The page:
Once killing the sufferer becomes a societally acceptable means for ending suffering, there is no end to the “suffering” that justifies human termination. We can see this phenomenon most vividly in Canada, because it is happening there more quickly than in most cultures. For example, a recent poll found that 27 percent of Canadians polled strongly or moderately agree that euthanasia is acceptable for suffering caused by “poverty” and 28 percent strongly or moderately agree that killing by doctors is acceptable for suffering caused by homelessness. I can’t imagine that being true ten years ago before euthanasia became legal. Euthanasia mutates a society’s soul. Killing as “Harm Reduction” This kind of abandonment thinking finds enthusiastic, albeit not unanimous, expression among secular bioethicists. In fact, two Canadian bioethicists just Read More ›
On February 4, the U.S. shot down a Chinese high-altitude surveillance balloon over the Atlantic Ocean off the coast of South Carolina. The balloon was first spotted on January 28 over the Aleutian Islands, and then traveled over Alaska, through Canada, and then into Idaho. Chinese spokespersons maintained that it was a meteorological research balloon that had veered off-course. However, recovery crews confirmed that the balloon platform was equipped with communication surveillance and interception tools. Since then, three other aerial objects, all flown within the vicinity of sensitive U.S. military sites, have been shot down. The other three are not confirmed to be of Chinese origin and have not been identified as surveillance balloons. NORAD (North American Aerospace Defense Command) Read More ›
On February 14th, Justin Trudeau, the Prime Minister of Canada, invoked the Emergencies Act in order to stop the flow of funding to the truckers who were protesting vaccine mandates in Canada. This order allows and encourages banks to freeze the accounts of anyone suspected of involvement with the protest. The Canadian use of the Emergencies Act in this way has been widely criticized for its draconian and expansive overreach of governmental authority. However, that hasn’t stopped the Canadian government from moving forward with the plan, and they have said that they have already begun freezing accounts. Even before this, though, a Canadian judge had halted access to funds donated to the truckers through the GiveSendGo website. Additionally, GoFundMe, of Read More ›
In February, Canada released the findings of a year-long investigation into the US-based facial recognition app, Clearview AI. The investigation declared Clearview’s actions illegal within Canada and ordered the company to cease operations within the country and to remove all Canadian citizens from its database. “What Clearview does is mass surveillance, and it is illegal,” said Canadian Privacy Commissioner Daniel Therrien. So what is Clearview AI? And why has it raised the ire of our neighbors to the North? Clearview AI, Inc. Clearview AI is a facial recognition company marketed primarily to law enforcement agencies. It boasts a database of over 3 billion facial images “scraped” from public sources online such as news articles and social media sites. In other Read More ›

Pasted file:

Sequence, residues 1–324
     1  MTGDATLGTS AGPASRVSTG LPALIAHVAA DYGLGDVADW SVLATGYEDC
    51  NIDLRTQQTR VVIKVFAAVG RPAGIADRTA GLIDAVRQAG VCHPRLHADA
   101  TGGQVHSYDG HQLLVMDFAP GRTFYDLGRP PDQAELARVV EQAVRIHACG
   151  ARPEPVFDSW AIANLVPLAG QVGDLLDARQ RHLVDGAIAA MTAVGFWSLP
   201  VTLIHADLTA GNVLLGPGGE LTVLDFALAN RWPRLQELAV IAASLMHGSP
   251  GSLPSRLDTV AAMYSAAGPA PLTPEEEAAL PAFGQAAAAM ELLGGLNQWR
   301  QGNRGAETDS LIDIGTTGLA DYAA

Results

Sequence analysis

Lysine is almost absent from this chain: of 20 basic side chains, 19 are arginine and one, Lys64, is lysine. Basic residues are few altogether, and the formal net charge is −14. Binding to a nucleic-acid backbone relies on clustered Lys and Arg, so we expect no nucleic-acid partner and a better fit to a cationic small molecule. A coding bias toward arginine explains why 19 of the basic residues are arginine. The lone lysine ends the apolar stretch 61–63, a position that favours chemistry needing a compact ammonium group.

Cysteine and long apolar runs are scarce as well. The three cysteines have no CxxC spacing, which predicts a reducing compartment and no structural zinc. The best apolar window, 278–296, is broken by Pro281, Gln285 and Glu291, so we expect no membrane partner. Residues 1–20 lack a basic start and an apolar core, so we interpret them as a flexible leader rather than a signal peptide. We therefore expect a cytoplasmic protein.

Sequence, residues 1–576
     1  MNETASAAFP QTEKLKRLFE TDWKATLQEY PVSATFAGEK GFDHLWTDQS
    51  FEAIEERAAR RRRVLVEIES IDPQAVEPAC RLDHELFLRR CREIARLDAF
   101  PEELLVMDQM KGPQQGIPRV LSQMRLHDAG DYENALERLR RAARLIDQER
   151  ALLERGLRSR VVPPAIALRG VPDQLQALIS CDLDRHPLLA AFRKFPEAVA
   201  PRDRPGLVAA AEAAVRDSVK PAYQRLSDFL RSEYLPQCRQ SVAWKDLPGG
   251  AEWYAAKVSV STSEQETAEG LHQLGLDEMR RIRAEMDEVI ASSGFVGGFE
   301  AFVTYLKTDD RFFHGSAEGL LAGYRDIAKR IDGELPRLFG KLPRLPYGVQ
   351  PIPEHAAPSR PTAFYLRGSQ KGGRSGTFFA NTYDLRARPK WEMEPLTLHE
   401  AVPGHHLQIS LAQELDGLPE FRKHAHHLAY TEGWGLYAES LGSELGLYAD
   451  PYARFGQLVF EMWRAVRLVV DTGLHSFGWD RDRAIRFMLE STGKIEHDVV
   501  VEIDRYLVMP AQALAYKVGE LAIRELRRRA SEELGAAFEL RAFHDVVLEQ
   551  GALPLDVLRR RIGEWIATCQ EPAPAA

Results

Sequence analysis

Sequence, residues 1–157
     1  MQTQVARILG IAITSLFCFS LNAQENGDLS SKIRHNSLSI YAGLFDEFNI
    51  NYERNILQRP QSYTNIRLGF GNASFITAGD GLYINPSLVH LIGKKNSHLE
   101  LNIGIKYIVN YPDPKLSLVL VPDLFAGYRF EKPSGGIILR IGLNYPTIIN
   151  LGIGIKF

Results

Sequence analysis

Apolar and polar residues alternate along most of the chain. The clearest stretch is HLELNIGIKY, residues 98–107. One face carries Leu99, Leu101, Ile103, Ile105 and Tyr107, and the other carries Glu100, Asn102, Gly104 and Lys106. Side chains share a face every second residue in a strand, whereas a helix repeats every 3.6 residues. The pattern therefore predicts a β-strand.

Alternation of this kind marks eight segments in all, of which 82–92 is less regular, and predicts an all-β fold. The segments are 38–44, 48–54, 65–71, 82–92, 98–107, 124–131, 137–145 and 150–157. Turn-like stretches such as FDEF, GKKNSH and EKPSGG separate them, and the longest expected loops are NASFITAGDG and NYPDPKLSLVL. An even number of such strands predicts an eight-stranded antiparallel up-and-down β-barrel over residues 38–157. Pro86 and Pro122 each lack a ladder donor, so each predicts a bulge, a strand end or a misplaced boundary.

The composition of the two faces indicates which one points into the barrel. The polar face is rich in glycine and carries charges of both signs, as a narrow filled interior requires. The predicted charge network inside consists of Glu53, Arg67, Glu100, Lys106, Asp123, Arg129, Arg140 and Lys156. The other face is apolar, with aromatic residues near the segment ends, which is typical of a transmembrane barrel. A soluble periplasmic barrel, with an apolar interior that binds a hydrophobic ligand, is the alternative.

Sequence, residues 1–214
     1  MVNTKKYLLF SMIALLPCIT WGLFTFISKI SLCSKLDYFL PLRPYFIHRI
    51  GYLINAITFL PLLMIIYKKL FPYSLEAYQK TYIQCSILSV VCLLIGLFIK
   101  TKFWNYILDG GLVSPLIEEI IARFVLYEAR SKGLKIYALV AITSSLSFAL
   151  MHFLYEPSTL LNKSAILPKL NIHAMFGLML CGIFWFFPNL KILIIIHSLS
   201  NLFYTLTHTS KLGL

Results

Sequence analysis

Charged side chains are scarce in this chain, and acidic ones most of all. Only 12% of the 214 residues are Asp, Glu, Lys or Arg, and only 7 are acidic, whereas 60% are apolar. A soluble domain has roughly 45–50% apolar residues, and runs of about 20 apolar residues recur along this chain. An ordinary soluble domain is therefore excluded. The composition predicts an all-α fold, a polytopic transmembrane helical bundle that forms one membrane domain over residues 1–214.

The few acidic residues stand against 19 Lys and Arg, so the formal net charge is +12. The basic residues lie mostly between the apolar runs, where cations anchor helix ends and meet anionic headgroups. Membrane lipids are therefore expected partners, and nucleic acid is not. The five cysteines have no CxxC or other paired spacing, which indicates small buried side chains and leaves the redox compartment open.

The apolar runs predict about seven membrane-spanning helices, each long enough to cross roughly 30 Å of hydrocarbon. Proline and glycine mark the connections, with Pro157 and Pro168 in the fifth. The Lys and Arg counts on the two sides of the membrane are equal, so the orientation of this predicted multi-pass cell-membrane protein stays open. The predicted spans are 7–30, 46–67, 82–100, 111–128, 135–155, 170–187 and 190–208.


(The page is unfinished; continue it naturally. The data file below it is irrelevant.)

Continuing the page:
Canadian entrepreneur Michael Spavor (pictured) and former Canadian diplomat Michael Kovrig were arrested in China in 2018 on charges of espionage and sharing state secrets, and held in prison since then. Spavor’s trial was on March 19, 2021, in Dandong near China’s border with North Korea. Kovrig’s trial was on March 22 in Beijing. As of this writing, no verdict has been announced. Their trials coincided with the U.S-China Summit in Anchorage, Alaska, on March 18 and 19, 2020, which involved a tense back-and-forth between the two countries. Court proceedings were closed-door and Spavor’s and Kovrig’s lawyers were not allowed to be present. That, according to Canada’s deputy chief of mission in China, violates the Canada-China consular agreement. Prime Minister Read More ›
Recently, a New York Times technology columnist, back from a consult with Big Tech in Silicon Valley, urged U.S. President to appoint a “reality czar” to go after people who provide “disinformation” online. He concedes, “It sounds a little dystopian, I’ll grant.” Well yes, rather. And the czar would probably soon find himself in conflict with the First Amendment to the U.S. Constitution. But Kevin Roose (pictured), who says he has spent several years tackling “our national reality crisis”, begs us to hear the czar’s supporters out: This task force could also meet regularly with tech platforms, and push for structural changes that could help those companies tackle their own extremism and misinformation problems. (For example, it could formulate “safe Read More ›
Smaller Western countries, dependent on high-tech cooperation and the promise of huge markets in China, have muted their protests over Hong Kong and even accept Chinese government censorship in their own territories. That can put them in conflict with their own stated values.
A Canadian TV station recently provided a dramatic insight into how far Western governments are prepared to go, using advanced data gathering techniques, to surveil the lives of citizens: Statistics Canada is asking banks across the country for financial transaction data and personal information of 500,000 Canadians without their knowledge. Global News has learned. Documents obtained by Global News show the national statistical agency plans to collect “individual-level financial transactions data” and sensitive information, like social insurance numbers (SIN), from Canadian financial institutions to develop a “new institutional personal information bank.” Andrew Russell and David Akin, “EXCLUSIVE: Stats Canada requesting banking information of 500,000 Canadians without their knowledge” at Global News Further investigation showed that the government agency has already Read More ›